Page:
||Fisheries are an important economic engine for the United States. Laws, regulations,
and international agreements keep this engine running sustainably. Compliance with
these laws is vital to their success and the sustainability of the country’s living
marine resources. The U.S. Coast Guard is the nation’s primary at-sea enforcement
authority for living marine resources laws and regulations. The Coast Guard is challenged
with effectively and efficiently employing its limited resources to achieve the highest
possible level of compliance with U.S. and international fisheries laws. Geospatial
analysis provides the Coast Guard with a low cost way of analyzing fisheries and current
enforcement strategies to correct shortfalls, recognize enforcement gaps, and effectively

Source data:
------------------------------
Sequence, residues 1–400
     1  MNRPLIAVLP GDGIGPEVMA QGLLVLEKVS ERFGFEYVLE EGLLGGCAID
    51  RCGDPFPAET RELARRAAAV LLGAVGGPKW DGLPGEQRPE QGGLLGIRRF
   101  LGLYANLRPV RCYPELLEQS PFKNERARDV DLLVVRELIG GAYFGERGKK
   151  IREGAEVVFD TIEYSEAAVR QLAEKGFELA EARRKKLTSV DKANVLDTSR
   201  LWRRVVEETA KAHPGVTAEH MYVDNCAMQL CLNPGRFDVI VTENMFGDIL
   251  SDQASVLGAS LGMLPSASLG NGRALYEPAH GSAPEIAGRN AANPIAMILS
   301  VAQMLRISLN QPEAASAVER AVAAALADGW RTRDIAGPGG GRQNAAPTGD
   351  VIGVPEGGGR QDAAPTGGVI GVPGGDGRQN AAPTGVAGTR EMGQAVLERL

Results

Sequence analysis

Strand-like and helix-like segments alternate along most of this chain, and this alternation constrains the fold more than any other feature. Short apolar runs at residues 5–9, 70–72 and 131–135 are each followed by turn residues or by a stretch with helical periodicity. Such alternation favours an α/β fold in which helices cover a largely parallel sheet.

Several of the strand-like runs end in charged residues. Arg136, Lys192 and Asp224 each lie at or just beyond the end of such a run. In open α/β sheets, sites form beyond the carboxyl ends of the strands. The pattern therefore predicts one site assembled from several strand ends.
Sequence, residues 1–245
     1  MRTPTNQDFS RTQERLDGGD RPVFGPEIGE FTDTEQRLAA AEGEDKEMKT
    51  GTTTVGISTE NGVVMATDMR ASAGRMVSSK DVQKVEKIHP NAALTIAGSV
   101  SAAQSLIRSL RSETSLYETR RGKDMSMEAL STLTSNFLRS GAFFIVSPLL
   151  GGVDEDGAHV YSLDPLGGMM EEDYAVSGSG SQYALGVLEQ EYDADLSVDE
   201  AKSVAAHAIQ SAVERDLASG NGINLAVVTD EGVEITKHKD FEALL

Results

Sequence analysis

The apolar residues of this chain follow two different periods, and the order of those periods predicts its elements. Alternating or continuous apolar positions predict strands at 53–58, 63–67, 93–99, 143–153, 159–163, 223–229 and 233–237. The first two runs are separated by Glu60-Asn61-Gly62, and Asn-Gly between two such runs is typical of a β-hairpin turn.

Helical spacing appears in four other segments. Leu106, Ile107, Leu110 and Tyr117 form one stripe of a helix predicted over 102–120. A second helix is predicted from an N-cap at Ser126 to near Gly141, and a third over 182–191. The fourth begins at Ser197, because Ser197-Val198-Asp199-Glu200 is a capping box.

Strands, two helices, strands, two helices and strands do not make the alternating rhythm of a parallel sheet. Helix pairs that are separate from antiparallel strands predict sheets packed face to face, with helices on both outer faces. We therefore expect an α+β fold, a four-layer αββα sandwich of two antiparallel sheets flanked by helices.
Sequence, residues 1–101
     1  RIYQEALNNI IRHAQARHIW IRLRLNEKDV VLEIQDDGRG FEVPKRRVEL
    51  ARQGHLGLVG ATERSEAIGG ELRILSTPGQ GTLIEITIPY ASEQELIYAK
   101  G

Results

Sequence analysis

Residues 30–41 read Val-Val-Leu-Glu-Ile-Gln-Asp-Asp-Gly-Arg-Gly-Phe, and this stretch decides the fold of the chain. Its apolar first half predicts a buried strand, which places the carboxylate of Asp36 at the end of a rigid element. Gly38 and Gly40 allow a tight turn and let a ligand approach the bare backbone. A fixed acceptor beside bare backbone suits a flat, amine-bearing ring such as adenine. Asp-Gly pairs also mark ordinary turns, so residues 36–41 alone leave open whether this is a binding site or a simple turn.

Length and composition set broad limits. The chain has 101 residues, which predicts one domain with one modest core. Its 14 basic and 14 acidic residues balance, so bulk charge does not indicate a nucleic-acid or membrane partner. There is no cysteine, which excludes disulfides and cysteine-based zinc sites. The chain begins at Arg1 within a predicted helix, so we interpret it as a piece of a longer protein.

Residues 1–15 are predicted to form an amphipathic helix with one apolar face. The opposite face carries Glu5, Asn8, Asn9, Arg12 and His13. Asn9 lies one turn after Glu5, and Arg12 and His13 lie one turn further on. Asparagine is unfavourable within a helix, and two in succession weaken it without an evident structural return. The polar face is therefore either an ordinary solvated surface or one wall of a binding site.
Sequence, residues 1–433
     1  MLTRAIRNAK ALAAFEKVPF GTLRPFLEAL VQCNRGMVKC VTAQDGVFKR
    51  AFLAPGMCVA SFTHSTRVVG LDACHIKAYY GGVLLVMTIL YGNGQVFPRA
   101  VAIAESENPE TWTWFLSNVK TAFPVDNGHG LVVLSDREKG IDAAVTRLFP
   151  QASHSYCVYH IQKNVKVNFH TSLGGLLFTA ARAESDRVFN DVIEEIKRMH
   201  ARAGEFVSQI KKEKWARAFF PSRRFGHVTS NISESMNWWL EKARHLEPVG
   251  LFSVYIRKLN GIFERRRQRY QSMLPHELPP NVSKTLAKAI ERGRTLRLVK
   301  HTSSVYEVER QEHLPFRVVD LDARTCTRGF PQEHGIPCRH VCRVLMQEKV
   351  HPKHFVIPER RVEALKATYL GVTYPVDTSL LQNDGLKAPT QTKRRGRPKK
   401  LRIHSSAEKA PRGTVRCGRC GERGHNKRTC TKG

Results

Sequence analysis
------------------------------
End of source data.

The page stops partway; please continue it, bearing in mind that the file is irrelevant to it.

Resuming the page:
plan future operations. Through the use of spatial analysis, the Coast Guard can match
enforcement with temporal, spatial, and sector-based patterns in fishing effort to
achieve more comprehensive and effective compliance with federal fisheries regulations.
This study demonstrates possible methods of improving enforcement in two fisheries:
Atlantic Highly Migratory Species and Gulf of Alaska Sablefish. I compare historical
enforcement strategies with fishing effort information to evaluate spatial and temporal
alignment. I also make recommendations for improving enforcement in these fisheries.
I then discuss the development of a spatial analysis tool for the Alaskan multi-species
groundfish fishery to show some possible solutions to improving enforcement in these
fisheries. Finally, I make overall recommendations for improving the effectiveness
and efficiency of the Coast Guard’s enforcement of federally permitted fisheries.